Wake led by as many as 40 in the first half

WINSTON-SALEM, N.C. (AP) -- Wake Forest got a quick breather from a tight Atlantic Coast Conference race on Wednesday night.

Taron Downey scored 13 points in No. 6 Wake Forest's 88-47 rout of struggling Longwood, a game in which the Demon Deacons built a 40-point lead in the first half and never felt even a hint of danger.

Eric Williams added 12 points and 11 rebounds for the Demon Deacons (23-4), who had five players in double figures. Chris Ellis had 11 points and eight rebounds in his first start in two seasons.

It was exactly what the Demon Deacons hoped for in facing the Lancers (1-29), a program in its first full season of Division I competition. Wake Forest put the game away early and had no injuries while its starters spent much of the second half cheering wildly from the bench for the reserves.

By the time the horn sounded, Wake Forest had piled up some impressive statistics to rebound from a 102-92 loss at Duke. The Demon Deacons held the Lancers to 28 percent shooting, took a 53-34 rebounding advantage and had 23 assists on 30 field goals.

They also seemed unfazed by a home game with an unusually high number of empty seats. The reported attendance of 10,461 in the 14,665-seat arena was the smallest of the year, a product of playing a team ranked 330th out of 330 D-I schools in the RPI ratings.

"You have to lean on the kids having maturity when you approach the game," coach Skip Prosser said. "We had to create our own enthusiasm. It's nothing about Longwood. It's about Wake Forest and how we play."

The Demon Deacons are 10-3 in the ACC, one game behind league-leading North Carolina with three games remaining. Wake Forest has a slight lead on Duke, which beat Georgia Tech on Wednesday to improve to 10-4 in the league heading into Sunday's home game against Virginia.

"You try not to look into (Longwood's record), but it's hard not to when you go into a game like this," said Justin Gray, who scored eight points off the bench, snapping his streak of 51
consecutive starts. "We set personal goals and you really can't worry about the record once you get started."

The Demon Deacons took all the interest out of this one right away, scoring the game's first 15 points and taking leads of 24-2 and 39-5. That margin grew to 47-7 on Chris Paul's transition layup off an alley-oop pass from Gray with 4:33 left in the half.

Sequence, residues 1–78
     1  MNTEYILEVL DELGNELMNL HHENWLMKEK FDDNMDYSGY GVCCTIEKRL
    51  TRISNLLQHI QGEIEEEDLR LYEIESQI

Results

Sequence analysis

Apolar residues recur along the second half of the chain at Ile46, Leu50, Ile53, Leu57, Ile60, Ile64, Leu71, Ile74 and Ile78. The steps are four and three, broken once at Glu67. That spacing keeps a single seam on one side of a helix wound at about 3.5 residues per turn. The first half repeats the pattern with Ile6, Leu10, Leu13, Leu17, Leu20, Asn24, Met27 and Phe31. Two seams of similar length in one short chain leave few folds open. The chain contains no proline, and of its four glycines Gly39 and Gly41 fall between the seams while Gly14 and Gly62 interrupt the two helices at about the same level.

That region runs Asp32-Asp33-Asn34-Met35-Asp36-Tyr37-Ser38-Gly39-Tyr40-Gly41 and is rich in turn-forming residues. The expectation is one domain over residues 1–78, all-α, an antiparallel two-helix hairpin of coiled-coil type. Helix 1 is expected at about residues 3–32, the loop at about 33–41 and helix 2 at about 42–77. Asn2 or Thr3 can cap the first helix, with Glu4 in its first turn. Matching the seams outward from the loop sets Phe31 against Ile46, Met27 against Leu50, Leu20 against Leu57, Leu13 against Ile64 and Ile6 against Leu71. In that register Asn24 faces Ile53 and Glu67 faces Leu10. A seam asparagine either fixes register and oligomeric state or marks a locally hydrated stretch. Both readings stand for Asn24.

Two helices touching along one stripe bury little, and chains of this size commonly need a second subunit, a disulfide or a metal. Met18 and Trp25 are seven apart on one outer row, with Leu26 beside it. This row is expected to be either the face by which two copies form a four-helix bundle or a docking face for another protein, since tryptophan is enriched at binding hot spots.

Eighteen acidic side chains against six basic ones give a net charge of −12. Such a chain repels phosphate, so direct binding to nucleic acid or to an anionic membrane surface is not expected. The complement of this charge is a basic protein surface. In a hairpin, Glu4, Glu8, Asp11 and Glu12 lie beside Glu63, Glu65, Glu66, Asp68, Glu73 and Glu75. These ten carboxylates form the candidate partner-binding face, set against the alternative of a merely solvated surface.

By that point, Longwood -- which had neither the size nor speed to compete with the Demon Deacons -- had missed 15-of-18 shots and committed 10 turnovers.

In fact, Prosser's jumbled starting lineup caused the biggest stir early. Ellis got his first start since his freshman year, while Gray was benched for being late to the team's mandatory free-throw shootaround before the game.

Not that any of it mattered much against the Lancers, who extended their school-record losing streak to 18 games.

Ellis, who came in averaging 3.9 points and 2.8 rebounds, scored seven of Wake Forest's first 10 points. He threw down a slam off a feed from Williams just 30 seconds into the game, hit a 3-pointer off a pass from Jamaal Levy and scored inside on another feed from Williams.

"Coach just wanted us to keep flying in and being aggressive on the boards," said Ellis, who started because Vytas Danelius was feeling ill. "Coach just told us to keep playing and not look at
the scoreboard."

Ellis helped the Demon Deacons finish with more offensive rebounds (23) than Longwood had on the defensive glass (21).

"They either made the first one, or rebounded and made the second one, or rebounded and made the third one," Longwood coach Mike Gillian said. "And that is somewhat demoralizing as the game goes along."

Even seldom-used reserve Richard Joyce had his moment, entering the game about eight minutes in and slamming down a rebound 14 seconds later.

Wake Forest led 57-22 at halftime, its biggest margin at the break in at least 23 years, and increased the lead to as many as 46 points in the second half.

Michael Jefferson scored 14 points to lead the Lancers.